Knowing about the grid generation process as discussed in our earlier blog, Grid Generation for CFD Simulation: Introduction, we have seen what is a mesh, how a mesh is created using a software, what are mesh types etc. However once a mesh is created the challenge remains to assure that a given mesh is good & would generate accurate results. So there are some terminologies associated with mesh quality & let us know them.
As a term “mesh quality” is a combination of various parameters which together decide how appropriate the mesh is, in order to give accurate CFD results, as is well known that a better the mesh quality, better the results.
In general, as a thumb rule compared to a tetrahedral mesh, hexahedral mesh will always give more accurate results because the mesh elements are always aligned with the flow direction, but it is not possible to mesh the entire geometry using hexahedral mesh. Hence what generally is practised is within regions of importance like curved geometry or regions of predominant flow phenomena we make hexahedral mesh/ prism mesh in order to capture flow aligned phenomena and for those regions away or exiting etc, wherein it is not so important to capture the exact flow phenomena that accurately, we can use tetrahedral type of elements. Thus we use mixing of such elements to generate our mesh which is also having accurate results without having large amount of mesh elements.
For judging the quality of mesh we have three criterion:
- Mesh skewness: It is a qualitative or quantitative parameter that decides whether the mesh is having a large amount of skewness or it is an ideal triangle or a square.
- Mesh smoothness: It describes as to how smooth the mesh is, how is its transition whether it is an abrupt or in a smooth manner.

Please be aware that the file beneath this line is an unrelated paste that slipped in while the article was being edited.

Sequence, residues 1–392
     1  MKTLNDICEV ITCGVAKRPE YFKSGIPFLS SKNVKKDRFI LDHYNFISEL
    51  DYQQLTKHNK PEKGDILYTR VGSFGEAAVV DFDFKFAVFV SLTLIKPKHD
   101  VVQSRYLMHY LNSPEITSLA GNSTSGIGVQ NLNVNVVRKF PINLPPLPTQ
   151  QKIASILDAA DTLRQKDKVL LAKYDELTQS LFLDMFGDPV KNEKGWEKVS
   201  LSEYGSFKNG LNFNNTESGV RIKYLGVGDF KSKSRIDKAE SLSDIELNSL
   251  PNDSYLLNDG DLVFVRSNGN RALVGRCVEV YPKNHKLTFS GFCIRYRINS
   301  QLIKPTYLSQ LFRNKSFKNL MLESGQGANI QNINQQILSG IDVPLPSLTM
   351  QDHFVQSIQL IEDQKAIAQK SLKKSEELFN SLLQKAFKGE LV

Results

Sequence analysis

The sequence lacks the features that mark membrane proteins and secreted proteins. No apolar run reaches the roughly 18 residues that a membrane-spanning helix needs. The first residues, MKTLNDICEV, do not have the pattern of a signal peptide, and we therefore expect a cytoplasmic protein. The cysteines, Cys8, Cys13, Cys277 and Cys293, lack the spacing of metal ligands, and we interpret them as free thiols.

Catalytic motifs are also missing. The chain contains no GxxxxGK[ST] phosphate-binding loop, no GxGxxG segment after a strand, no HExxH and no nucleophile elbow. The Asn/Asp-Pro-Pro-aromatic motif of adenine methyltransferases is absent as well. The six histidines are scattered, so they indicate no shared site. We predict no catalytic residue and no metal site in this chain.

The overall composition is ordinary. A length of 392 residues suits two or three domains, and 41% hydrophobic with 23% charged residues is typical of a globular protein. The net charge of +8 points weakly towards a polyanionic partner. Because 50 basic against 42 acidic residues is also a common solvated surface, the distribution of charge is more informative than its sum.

- Mesh aspect ratio: It is the ratio of the largest dimensional length of an element to the smallest length.
Let us understand them further.
This determines how much the mesh cell/ elements differ from an ideal mesh cell or element. So if we take the case of a 2-D analysis, than an ideal mesh element will be a square & a triangle i.e. an equilateral triangle and in case of 3-dimensional analysis it will be a cube when using hexahedron and for a tetrahedron will be a perfect equilateral tetrahedron.
For a hexahedron element, skewness is obtained as follows:
For each of 6 faces the angle between the face normal & the vector which is defined by the centre of the hexahedron and the centre of the face will be calculated.
The maximum value thus obtained is normalized so that “0” corresponds to a bad element with high skewness and “1” corresponds to a perfect cube. This is the mathematical method for calculating the skewness but in short it means how closely the element is close to the cube. So for the case with a perfect cube it will be “1” & if its deviating from it by a large amount it will be near to “0”.
For Triangular elements:
Skewness is defined as the ratio of area of element & area of an ideal equilateral triangle. For a quadrilateral element skewness is defined/ obtained by connecting the mid-points of each side with mid-points of opposite side and finding the angle between them.
Within software the calculation is a mathematical process, but in short by definition skewness means how close our element is to the ideal element.
Mesh Aspect Ratio: